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campaigning with sandra fluke, the georgetown university law student who was disparaged by conservative commentator rush limbaugh earlier this year after she testified in favor of contraceptive coverage. >> it makes her a slut, right? >> reporter: at the time, the president called fluke to offer his support. >> mr. romney could only say that those weren't the words he would have chosen. (laughter) (boos) well, mr. romney, you're not going to be the candidate we choose. (cheers and applause). >> reporter: voters in all three states we polled were more likely to say mr. obama's economic plans would hurt them than help them. they were slightly more positive, bob, about mr. romney's economic plans. >> schieffer: you know, nancy, the undecided is down to a small number of voters but what... how strong is the support for these two candidates.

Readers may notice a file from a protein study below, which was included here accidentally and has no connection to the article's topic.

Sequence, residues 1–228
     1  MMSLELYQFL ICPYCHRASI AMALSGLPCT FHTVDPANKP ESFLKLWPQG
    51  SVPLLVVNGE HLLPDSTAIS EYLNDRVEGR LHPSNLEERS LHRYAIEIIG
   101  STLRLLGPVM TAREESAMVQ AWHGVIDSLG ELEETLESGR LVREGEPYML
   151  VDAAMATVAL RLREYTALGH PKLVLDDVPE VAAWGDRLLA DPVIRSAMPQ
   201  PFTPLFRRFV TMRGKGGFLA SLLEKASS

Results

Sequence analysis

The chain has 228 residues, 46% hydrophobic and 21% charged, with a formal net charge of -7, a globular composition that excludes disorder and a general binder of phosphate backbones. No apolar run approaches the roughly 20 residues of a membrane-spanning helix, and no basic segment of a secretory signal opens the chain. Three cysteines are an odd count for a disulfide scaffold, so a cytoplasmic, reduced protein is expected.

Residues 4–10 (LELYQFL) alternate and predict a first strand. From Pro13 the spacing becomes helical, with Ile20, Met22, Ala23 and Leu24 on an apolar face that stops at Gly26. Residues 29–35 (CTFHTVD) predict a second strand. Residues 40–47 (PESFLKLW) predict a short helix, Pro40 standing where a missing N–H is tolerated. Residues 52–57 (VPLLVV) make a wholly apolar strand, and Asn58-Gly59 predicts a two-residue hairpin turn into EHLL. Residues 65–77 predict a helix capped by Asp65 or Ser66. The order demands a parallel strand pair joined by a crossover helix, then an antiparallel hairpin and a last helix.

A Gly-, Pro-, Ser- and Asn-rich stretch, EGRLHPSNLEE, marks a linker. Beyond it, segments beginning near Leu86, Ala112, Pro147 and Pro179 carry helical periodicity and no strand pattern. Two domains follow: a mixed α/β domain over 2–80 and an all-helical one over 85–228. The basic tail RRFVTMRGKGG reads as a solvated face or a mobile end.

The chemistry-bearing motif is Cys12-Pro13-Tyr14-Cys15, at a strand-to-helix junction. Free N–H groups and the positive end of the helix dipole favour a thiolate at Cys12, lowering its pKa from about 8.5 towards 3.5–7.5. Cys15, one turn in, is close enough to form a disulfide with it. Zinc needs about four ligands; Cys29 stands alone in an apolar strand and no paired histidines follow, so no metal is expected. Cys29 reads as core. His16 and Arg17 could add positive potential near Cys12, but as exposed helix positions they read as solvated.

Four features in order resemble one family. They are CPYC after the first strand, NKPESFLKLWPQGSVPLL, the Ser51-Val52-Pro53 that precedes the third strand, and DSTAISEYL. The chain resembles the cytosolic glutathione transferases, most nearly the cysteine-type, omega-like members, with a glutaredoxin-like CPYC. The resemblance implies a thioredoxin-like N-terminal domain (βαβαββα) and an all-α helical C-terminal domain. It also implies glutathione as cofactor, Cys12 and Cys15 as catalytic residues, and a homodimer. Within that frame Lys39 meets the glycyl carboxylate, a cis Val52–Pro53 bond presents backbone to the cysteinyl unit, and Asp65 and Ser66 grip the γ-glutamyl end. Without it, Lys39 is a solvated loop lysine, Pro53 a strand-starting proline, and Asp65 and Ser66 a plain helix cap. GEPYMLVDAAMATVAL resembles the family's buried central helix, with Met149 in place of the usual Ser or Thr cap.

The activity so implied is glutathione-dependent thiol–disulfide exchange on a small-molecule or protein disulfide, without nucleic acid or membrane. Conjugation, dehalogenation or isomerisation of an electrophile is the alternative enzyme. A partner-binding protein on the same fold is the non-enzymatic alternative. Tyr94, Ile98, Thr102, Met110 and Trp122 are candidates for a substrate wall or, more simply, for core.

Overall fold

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>> we asked voters in our poll how strongly they supported the chosen candidate and here's what we found. voters who said they favored mr. obama were more likely to say they strongly favored him while voters who said they favored mr. romney were more likely than supporters of mr. obama's to say they were motivated by dislike of the other candidate. >> schieffer: very interesting. thank you very much, nancy. on the campaign trail today romney tried to make an issue over a recent and little-noticed change that the administration made in the 1996 welfare reform act. jan crawford has more on that now. jan? >> reporter: bob, governor romney is trying to use this welfare issue to paint the president as out of touch. >> with a very careful executive action he removed the requirement of work from welfare. >> reporter: it's a message romney is also taking to the airwaves in a new television ad in key swing states. >> under obama's plan you would haven't to work and would haven't to train for a job, they just send you your welfare